For those keeping score -- and apparently there are plenty of Maryland Democratic bigs doing just that -- Doug Duncan took probably about a half-dozen swings at Baltimore Mayor Martin O'Malley yesterday when the Montgomery County executive opened his campaign for governor.
Duncan never mentioned O'Malley by name, and his swipes were artful. You had to listen carefully to hear Duncan dismiss the one-word "Believe" campaign that O'Malley instituted to boost civic pride: "Rhetoric is not a plan. Optimism alone is not a strategy. And you have to do more than just believe things will turn out okay."
And there was this backhanded acknowledgment of O'Malley's star turn at the Democratic National Convention, his selection by Time magazine as one of the nation's five best mayors and the publicity he receives as the strapping, sleeveless leader of his Irish band. "I'm not interested in being seen as a national leader -- I want to make our state a national leader," Duncan said. "I'm not interested in being on stage -- I want to put our state on the national stage."
There were more direct references to Baltimore's problems as well, as Duncan served notice that he did not intend for the Democratic primary to serve as simply a warmup for the poll-leading O'Malley before he takes on Republican Gov. Robert Ehrlich.
Duncan made his official announcement in front of his boyhood home in Rockville, on a cul-de-sac in the kind of neighborhood that doesn't exist in stereotypes of wealthy Montgomery. Ellie Duncan still lives in the house with the enclosed carport where she and her husband raised 13 children -- people in the crowd kept wondering how they all fit. Pumpkins and red, white and yellow balloons tied to the neighbor's chain-link fence gave the whole thing a kind of homespun feel.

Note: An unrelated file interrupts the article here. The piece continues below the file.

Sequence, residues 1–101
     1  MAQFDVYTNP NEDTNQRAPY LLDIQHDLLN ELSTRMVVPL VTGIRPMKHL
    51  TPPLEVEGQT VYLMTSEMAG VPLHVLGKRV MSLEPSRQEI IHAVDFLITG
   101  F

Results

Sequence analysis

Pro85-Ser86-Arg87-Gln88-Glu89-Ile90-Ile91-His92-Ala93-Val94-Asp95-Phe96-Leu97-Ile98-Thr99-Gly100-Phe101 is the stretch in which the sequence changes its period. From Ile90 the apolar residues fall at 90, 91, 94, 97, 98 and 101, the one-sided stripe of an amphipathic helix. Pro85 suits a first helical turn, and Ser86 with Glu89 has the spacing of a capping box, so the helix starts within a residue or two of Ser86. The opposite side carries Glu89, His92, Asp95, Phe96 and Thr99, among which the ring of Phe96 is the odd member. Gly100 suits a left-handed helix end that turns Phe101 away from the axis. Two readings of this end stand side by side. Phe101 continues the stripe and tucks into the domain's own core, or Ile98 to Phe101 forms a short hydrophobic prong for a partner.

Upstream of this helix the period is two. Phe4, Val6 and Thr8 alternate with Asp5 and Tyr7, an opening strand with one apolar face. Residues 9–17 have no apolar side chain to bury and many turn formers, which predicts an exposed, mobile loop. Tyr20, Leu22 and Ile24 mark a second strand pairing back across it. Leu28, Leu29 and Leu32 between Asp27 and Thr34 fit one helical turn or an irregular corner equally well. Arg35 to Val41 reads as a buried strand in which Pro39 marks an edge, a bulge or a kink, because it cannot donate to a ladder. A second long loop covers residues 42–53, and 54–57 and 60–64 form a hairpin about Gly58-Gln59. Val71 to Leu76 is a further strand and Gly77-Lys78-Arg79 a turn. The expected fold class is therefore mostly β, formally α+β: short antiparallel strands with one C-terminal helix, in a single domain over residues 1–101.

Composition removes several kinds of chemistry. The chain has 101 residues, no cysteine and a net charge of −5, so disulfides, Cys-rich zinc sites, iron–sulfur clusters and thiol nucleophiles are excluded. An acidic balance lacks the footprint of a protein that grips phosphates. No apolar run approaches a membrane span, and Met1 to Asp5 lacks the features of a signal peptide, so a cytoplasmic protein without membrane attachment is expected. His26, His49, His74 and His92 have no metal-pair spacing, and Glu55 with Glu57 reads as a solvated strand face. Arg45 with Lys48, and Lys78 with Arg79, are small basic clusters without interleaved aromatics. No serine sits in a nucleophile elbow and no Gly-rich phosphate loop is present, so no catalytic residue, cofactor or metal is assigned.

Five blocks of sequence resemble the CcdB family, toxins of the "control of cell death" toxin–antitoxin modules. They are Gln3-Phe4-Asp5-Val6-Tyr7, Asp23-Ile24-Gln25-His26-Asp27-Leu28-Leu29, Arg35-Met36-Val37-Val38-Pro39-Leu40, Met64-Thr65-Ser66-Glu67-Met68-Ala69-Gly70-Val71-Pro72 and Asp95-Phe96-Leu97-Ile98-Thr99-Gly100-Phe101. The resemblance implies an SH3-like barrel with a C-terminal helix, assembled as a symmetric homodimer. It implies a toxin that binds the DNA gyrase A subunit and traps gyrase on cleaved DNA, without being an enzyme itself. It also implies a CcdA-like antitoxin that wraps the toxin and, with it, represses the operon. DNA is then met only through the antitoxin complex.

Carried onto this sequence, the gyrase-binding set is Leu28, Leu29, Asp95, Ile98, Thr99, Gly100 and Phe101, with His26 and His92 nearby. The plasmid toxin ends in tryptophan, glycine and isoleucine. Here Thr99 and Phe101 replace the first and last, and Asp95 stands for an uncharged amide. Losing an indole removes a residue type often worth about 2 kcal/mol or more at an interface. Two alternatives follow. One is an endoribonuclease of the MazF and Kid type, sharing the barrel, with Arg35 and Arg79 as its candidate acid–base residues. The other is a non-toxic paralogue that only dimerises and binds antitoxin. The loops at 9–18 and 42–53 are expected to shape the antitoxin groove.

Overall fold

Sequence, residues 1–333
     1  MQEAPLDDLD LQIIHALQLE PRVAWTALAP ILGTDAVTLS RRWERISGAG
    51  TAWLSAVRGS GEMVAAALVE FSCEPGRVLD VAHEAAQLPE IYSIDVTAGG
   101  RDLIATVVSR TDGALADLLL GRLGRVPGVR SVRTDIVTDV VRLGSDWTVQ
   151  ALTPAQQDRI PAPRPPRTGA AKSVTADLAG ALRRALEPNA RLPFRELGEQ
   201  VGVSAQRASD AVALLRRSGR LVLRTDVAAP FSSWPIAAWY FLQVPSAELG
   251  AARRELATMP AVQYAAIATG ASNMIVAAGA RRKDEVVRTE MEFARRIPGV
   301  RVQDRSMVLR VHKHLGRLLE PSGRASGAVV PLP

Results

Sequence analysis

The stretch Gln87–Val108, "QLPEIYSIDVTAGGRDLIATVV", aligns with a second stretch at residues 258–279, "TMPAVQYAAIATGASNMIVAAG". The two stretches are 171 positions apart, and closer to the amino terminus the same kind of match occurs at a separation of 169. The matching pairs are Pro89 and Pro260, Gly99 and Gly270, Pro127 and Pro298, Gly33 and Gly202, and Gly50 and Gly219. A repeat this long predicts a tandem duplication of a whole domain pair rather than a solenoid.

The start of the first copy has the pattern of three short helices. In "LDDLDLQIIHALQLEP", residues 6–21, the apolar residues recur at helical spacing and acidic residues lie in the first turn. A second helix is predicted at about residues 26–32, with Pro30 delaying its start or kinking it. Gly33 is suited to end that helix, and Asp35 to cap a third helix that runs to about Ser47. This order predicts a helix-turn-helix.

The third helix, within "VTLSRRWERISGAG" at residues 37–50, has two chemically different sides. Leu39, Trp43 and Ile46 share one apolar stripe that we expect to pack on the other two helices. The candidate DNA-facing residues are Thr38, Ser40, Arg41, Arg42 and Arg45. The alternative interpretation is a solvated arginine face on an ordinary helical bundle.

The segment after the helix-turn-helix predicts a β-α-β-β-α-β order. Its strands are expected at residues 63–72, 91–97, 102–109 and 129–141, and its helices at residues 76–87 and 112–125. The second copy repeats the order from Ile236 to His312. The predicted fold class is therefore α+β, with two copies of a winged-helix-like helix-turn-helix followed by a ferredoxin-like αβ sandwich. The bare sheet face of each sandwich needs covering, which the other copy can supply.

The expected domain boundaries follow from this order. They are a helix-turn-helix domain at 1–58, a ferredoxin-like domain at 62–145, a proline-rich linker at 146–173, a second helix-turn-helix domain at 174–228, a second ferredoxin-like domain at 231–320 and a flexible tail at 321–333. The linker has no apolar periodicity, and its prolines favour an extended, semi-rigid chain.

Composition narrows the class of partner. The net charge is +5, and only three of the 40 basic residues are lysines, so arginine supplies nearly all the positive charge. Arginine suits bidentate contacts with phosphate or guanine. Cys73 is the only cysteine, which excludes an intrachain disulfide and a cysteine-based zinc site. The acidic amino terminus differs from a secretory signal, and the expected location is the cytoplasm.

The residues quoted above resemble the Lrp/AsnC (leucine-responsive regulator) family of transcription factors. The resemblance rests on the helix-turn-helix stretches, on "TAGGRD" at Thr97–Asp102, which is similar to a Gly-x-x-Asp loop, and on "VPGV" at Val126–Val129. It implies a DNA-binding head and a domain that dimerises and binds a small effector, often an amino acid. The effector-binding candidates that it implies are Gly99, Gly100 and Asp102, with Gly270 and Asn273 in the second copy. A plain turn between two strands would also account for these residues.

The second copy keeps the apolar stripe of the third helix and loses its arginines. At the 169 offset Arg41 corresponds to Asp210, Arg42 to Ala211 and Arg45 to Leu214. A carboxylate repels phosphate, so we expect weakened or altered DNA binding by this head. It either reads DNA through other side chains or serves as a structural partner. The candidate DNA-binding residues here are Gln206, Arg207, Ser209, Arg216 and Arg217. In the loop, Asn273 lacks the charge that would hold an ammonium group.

Breaking stereotypes about Montgomery will be essential to Duncan's success -- no one from the county has ever been elected governor -- and how the 49-year-old politician goes about it is causing concern. Already, his brusque criticism of O'Malley and some ham-handed e-mails from his campaign -- one criticized O'Malley's band for having a gig on a night "his crime-plagued city lost another life to violence" -- have made people a little nervous.
Senate President Thomas V. Mike Miller is among those concerned that a bitter primary would leave the Democratic nominee bruised and financially busted before taking on the well-financed Ehrlich, who will not face a serious challenger from his own party. "Doug Duncan can't campaign against Baltimore City," Miller says. "He has to take the high road."
In an interview before the announcement, Duncan said he was "baffled" by such advice.
"Look, I'm going to talk about my record and his record, my priorities and his priorities," Duncan said. "I'm not bashing Baltimore. I'm talking about failed leadership in Baltimore. . . . Democrats used to welcome debate; if we don't want debate, no wonder the party's in trouble."
Back in the day, Democrats thought nothing of raucous primaries. Sen. Barbara Mikulski and two-term governors William Donald Schaefer and Parris Glendening each made it through party fights. On the other hand, an early start for Kathleen Kennedy Townsend, and help from party leaders, cleared the path for her to claim the Democratic nomination in 2002. The party lost the governor's mansion for the first time in nearly 40 years. Some feel a competitive primary either would have sharpened her political skills -- or given Democrats a candidate who might have matched up better against Ehrlich.
But University of Maryland professor Paul S. Herrnson says it is a "unique" year for Democrats, as they face a Republican incumbent who will raise, perhaps, tens of millions of dollars.
Rep. Chris Van Hollen, who waged an underdog campaign to defeat Mark Shriver and others in a Democratic primary and then unseated longtime GOP Rep. Constance Morella, said the primary was good for him, because it focused attention on the race and energized Democrats.
And Maryland Democratic Party Chairman Terry Lierman said he is not among those worried that the race will be divisive. He said there could be Democratic primaries for governor, the U.S. Senate, attorney general, comptroller, an open congressional seat and legislative office.
"I personally think primaries are very good: They energize a lot of people; they bring new people into the process; they heighten awareness of the campaign," he said.
Van Hollen, who yesterday endorsed Duncan's campaign, said what was important in his primary was that "all of us focused on the goal of electing a Democrat."
Duncan left little doubt that he wants Ehrlich defeated -- but also that he wants to be the one to do it.